Donald Trump Ordered To Pay $5.77 Million To Golf Club Members He Stiffed

The Florida business violated a contract, a federal judge ruled.

A Florida golf course owned by President Donald Trump has been ordered to immediately pay $5.77 million to former members who were denied refunds when the real estate mogul bought the club five years ago.

U.S. District Judge Kenneth Marra ruled that Trump National Golf Club in Jupiter violated contracts that members had signed with the previous owner and were assumed by Trump when he bought the club in 2012. The average payment is expected be about $87,000 for each of the 65 members involved in the case. The members were awarded $4.8 million, plus $925,000 in interest.

Members complained during an August trial that Trump had ripped them off and that they had lost millions of dollars, the Palm Beach Post reported.

Trump purchased the club from Ritz-Carlton for $5 million ― which was below market value ― with the understanding that he would honor up to $41 million in refundable membership deposits, according to testimony and documents presented in court, the Post reported.

Under Ritz-Carlton rules, people had to join waiting lists if they wanted to cash in their memberships and leave. They would have to pay dues until they left, but could also continue to enjoy the benefits of membership. Under Trump rules, members waiting to leave still had to pay dues but could no longer access to the club.

“We are committed to seeing Trump National Golf Club Jupiter on the list of the best clubs in the world, and if you choose to remain on the resignation list, you’re out,” Trump wrote to members in December 2013, according to CNNMoney.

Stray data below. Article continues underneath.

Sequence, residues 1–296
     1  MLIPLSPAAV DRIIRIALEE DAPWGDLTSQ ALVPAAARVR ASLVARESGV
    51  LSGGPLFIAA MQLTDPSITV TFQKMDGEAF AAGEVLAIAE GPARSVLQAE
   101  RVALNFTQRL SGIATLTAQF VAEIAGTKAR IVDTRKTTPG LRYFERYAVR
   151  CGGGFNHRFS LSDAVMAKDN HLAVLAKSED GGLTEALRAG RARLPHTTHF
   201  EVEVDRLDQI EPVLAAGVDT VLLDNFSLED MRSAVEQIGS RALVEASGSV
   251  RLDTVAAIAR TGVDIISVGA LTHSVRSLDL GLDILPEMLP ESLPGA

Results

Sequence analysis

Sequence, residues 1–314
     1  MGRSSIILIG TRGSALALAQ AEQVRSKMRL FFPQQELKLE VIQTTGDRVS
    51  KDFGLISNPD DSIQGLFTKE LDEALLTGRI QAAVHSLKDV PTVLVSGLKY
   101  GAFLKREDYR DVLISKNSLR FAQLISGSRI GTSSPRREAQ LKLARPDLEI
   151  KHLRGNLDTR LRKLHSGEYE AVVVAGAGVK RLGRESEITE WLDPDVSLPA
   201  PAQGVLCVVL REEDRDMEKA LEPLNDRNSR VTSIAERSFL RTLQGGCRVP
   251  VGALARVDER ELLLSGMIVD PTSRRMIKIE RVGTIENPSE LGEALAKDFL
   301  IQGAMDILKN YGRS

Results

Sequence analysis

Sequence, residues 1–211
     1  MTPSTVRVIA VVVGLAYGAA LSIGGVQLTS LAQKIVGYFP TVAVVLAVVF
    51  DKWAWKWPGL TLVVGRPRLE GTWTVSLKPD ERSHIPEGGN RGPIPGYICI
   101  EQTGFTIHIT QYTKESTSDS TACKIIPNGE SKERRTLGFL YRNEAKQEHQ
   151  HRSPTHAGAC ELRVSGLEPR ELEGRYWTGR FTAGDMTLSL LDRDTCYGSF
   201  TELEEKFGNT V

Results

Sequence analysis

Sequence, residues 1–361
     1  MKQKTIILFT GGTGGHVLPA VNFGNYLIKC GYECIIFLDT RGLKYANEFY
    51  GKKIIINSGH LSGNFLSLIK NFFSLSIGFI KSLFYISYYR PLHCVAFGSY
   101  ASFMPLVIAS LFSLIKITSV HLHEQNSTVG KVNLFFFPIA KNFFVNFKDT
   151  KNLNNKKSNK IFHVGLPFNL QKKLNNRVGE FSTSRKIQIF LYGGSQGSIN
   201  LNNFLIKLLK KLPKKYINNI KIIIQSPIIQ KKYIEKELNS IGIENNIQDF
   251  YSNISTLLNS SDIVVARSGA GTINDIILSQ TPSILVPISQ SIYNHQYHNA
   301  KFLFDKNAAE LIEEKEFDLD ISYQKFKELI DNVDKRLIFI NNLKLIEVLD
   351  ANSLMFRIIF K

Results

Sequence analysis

Trump’s son Eric, who ran the club, said during a testimony that being forced to pay dues without having access to the club “would violate a fundamental principle,” the Associated Press reported. Trump, who was campaigning for president during the trial, testified via video.

The Trump Organization plans to appeal. “The club was suffering financially making it unlikely that these members would ever get back their deposits,” an organization spokesman said in a statement about the state of the club when Trump purchased it.

The Jupiter club is one of a number of Trump’s golf courses entangled in problems. The PGA Tour moved an event from his Miami course to Mexico last summer, after the event couldn’t raise sponsorship funds. Trump is suing the town of Ossining, New York, in an effort to lower the taxes on his golf course there. The town has valued the course at $15.1 million, but Trump insists it’s worth only $1.5 million.

And locals of Aberdeen, Scotland, are generally furious about Trump’s course there, which he opened in 2012. Although he promised people in the town that they would get rich on property sales and that the community would reap taxes, that hasn’t been the case. Trump hasn’t paid any taxes due to losses on the courses. He also harangued officials and launched a court battle over Scottish plans to build environment-protecting offshore wind farms, but lost.

Golf courses are hardly Trump’s only business problems. He also agreed in November to pay $25 million in fines and restitution to settle three fraud lawsuits filed by former customers of Trump University.

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